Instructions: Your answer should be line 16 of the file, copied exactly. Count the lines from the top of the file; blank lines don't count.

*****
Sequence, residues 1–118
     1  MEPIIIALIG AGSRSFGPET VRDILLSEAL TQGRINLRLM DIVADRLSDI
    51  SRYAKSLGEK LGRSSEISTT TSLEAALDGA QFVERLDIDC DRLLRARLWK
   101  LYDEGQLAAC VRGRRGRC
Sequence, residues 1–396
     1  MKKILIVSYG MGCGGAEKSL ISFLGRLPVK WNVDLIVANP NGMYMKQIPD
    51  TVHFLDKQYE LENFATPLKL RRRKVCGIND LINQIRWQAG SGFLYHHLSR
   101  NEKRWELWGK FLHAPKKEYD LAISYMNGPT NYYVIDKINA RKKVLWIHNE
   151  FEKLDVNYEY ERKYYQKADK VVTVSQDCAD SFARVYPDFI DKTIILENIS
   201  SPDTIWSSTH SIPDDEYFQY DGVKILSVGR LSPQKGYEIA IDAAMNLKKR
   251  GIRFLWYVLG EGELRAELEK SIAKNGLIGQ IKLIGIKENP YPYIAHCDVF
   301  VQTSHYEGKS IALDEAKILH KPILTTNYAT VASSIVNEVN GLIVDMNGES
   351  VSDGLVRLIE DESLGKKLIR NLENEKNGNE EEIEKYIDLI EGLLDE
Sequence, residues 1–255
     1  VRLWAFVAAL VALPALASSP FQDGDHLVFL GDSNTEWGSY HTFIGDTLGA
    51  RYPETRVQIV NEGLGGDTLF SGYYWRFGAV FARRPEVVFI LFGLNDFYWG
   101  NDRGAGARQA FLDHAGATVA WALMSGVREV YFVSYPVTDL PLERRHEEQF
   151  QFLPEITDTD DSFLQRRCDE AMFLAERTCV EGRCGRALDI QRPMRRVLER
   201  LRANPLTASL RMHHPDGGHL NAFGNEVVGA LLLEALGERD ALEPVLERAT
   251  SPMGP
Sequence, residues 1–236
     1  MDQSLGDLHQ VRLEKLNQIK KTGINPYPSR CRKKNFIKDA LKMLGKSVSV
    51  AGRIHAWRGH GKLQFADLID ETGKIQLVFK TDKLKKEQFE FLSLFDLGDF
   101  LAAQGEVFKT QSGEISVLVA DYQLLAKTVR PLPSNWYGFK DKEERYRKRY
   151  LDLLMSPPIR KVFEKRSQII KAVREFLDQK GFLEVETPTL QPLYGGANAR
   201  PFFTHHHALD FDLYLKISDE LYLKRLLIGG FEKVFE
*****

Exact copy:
    51  RYPETRVQIV NEGLGGDTLF SGYYWRFGAV FARRPEVVFI LFGLNDFYWG